Abracadabra!

The purpose of magic has changed since temple priests in ancient times used mechanical devices to make wine pour from statues' mouths and doors open with the sound of thunder. Entertainers in the Middle Ages would try other techniques such as sleight of hand to mystify the crowds as they traveled from city to city.

In the 1800s, stage magicians became popular. John Henry Anderson, "The Great Wizard of the North," practiced magic in London for thirty years. Other magic parlors opened in the big cities. London's Egyptian Hall was famous for its wonders, and Jean Eugène Robert-Houdin's illusions in Paris relied a lot on scientific advances for their effects.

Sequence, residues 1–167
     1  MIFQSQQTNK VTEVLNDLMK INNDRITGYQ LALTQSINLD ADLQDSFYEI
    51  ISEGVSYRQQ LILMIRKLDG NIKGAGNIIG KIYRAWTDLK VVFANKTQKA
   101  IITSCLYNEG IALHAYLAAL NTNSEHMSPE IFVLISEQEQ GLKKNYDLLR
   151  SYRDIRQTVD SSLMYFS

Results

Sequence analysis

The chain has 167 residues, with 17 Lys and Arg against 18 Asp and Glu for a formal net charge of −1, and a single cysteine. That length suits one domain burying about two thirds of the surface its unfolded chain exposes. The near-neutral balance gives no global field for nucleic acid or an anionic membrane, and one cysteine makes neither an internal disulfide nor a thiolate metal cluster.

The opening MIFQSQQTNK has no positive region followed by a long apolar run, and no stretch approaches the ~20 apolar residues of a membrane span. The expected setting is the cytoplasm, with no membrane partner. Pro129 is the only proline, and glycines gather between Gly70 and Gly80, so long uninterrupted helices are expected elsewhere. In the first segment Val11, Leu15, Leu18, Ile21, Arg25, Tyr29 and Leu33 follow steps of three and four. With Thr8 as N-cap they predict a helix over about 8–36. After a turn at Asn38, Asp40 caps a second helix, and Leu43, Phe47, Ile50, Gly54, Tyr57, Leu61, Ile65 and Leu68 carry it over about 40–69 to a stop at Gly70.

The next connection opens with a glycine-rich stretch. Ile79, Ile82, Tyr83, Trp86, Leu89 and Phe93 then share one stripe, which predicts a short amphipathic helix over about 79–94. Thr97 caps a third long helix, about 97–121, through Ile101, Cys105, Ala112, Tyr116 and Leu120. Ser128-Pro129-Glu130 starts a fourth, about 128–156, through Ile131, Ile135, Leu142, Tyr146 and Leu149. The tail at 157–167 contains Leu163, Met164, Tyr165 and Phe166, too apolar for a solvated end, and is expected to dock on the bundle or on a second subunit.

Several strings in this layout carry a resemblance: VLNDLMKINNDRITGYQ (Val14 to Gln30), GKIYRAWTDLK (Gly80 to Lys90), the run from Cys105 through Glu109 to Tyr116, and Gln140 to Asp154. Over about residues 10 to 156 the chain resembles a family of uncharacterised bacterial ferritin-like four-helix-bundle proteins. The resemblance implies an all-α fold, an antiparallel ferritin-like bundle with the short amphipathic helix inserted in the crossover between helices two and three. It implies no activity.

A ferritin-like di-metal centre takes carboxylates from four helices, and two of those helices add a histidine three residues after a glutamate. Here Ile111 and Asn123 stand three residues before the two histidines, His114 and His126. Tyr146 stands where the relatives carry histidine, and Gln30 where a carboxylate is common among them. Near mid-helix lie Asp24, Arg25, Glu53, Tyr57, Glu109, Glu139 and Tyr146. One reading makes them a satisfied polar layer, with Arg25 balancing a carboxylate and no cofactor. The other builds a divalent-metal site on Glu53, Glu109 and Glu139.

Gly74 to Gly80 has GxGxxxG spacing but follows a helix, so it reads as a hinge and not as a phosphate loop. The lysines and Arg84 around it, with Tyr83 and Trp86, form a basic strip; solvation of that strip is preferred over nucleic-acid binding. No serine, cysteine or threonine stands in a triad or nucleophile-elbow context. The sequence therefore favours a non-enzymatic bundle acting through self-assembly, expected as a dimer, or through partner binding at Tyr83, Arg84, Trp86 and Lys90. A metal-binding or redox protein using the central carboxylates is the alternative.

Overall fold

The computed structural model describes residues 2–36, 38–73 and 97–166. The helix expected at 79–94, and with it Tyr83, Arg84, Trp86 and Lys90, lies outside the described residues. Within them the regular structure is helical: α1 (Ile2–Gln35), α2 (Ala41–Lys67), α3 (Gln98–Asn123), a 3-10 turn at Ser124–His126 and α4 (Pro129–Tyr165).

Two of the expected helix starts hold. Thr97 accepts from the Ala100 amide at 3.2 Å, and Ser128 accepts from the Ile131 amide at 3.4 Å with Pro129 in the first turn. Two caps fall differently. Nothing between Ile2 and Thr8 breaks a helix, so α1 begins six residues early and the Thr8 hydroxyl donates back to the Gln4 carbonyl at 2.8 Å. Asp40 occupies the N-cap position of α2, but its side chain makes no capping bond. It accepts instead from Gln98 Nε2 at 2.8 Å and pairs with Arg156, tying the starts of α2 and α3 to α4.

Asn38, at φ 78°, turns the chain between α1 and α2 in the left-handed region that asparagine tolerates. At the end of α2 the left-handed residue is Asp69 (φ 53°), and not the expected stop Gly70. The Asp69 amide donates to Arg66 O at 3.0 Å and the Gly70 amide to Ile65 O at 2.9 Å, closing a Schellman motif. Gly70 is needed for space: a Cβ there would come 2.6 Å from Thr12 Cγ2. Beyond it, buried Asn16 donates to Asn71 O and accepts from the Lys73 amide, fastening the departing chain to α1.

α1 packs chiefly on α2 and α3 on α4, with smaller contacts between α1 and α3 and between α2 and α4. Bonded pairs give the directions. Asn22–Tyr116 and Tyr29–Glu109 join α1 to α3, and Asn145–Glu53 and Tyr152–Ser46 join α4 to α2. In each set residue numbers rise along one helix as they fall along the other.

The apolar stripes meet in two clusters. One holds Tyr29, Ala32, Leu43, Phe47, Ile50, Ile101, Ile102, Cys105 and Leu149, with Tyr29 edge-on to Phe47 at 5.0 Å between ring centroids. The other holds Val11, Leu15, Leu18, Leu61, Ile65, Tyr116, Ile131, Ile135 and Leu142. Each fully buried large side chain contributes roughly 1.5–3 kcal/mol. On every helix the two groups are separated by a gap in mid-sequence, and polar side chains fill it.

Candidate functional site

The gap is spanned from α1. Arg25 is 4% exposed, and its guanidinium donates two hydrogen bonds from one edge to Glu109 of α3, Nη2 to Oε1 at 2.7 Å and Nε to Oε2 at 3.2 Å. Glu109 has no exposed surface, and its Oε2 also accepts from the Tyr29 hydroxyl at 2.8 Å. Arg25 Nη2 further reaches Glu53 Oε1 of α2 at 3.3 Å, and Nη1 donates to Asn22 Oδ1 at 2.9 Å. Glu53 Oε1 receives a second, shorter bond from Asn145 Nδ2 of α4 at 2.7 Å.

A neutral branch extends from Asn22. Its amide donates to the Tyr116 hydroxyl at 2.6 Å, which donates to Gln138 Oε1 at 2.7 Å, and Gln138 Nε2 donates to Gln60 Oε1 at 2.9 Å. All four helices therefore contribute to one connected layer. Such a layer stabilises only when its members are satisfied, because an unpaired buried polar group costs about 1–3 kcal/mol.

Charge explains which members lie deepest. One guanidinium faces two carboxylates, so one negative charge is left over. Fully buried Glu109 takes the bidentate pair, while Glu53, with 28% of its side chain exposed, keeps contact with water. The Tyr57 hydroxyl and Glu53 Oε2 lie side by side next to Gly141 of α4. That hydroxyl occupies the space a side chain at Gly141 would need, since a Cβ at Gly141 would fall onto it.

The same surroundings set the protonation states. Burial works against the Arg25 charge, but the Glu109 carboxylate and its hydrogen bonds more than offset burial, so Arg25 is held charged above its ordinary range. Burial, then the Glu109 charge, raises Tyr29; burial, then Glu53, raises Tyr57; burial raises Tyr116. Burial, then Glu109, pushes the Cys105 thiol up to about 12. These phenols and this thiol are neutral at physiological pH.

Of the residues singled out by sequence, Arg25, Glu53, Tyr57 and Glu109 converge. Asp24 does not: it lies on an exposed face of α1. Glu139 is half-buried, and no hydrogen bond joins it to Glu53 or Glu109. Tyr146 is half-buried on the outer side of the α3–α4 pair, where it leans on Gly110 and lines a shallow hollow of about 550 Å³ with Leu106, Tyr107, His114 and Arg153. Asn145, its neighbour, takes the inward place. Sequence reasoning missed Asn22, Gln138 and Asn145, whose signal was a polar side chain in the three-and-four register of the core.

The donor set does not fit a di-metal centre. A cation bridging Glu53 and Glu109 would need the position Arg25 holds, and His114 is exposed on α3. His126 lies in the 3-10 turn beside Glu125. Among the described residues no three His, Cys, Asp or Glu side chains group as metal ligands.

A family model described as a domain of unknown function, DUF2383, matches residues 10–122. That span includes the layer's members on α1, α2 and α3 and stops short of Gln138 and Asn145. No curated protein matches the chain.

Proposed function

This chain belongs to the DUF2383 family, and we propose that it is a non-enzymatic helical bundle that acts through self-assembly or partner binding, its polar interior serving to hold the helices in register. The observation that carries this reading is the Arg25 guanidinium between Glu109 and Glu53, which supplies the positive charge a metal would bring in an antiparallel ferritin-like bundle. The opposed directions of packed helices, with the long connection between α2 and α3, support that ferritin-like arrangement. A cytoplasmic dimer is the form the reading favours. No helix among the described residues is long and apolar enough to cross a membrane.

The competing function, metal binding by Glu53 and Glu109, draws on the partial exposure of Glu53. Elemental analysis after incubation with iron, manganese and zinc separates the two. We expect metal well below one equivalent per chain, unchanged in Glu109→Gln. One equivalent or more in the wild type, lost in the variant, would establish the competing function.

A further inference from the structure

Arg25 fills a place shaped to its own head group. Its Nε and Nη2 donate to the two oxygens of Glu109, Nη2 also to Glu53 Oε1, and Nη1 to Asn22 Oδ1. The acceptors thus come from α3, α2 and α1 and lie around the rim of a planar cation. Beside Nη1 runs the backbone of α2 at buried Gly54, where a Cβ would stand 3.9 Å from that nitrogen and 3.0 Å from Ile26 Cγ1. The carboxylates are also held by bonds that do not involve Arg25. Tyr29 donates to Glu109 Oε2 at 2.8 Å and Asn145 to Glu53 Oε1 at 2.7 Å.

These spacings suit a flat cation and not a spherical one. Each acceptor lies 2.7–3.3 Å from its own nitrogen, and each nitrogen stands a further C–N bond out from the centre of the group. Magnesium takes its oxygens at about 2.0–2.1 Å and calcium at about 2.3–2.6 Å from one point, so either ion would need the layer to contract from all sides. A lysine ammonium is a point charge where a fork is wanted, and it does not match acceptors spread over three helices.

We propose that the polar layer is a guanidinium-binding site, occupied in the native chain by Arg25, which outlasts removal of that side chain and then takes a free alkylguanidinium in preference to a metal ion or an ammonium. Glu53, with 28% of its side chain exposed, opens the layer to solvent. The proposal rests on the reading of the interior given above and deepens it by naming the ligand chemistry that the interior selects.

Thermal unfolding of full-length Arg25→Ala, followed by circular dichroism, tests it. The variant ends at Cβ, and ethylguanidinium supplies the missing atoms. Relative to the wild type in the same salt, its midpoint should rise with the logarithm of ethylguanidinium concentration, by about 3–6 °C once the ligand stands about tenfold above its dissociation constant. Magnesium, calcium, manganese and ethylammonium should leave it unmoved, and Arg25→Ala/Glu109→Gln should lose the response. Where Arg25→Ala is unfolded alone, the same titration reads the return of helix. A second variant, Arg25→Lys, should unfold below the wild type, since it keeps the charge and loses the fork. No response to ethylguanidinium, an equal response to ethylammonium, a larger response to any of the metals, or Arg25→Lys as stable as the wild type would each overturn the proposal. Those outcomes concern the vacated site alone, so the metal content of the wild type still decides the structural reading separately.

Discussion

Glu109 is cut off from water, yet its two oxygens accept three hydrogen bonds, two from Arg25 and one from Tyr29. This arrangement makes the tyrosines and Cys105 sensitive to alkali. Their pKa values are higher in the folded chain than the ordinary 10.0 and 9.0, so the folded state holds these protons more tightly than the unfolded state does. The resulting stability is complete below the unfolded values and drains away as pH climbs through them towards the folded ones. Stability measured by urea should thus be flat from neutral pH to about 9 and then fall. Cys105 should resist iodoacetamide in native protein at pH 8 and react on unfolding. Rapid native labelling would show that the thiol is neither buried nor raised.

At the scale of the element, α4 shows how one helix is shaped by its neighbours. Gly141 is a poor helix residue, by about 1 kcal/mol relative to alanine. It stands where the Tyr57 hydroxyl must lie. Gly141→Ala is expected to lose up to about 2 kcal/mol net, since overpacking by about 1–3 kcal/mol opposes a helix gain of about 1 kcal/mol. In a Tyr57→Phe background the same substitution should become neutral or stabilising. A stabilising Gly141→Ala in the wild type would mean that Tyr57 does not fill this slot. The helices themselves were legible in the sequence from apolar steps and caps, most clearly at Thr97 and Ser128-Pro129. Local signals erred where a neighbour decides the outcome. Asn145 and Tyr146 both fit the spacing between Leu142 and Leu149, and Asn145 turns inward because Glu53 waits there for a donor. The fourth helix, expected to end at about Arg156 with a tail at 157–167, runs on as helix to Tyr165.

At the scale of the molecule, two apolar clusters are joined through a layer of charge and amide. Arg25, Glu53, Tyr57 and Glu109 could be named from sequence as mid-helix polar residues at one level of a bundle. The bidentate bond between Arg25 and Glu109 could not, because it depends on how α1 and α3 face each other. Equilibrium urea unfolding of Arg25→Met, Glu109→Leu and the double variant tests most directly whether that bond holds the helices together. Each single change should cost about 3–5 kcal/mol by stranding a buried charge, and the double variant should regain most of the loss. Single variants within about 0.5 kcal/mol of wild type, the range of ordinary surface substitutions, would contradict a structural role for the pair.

Probably the most famous American magician was Harry Houdini. Houdini was the star of vaudeville shows and created many escape tricks. David Copperfield is one of the greatest illusionists of today. He was twelve years old when he first began performing professionally.

Magic Just For Fun

Get started learning magic tricks today, and by autumn's end you will be ready to put on a truly impressive magic show. You can amaze everyone by pulling coins out of thin air or making a friend vanish. The Internet has a few sites that can show you tricks for free, but the library has lots of magic books and videos to help you put on a spectacular performance.

Plan Your Own Magic Show with the CRRL Kids: Magic Tricks Book List!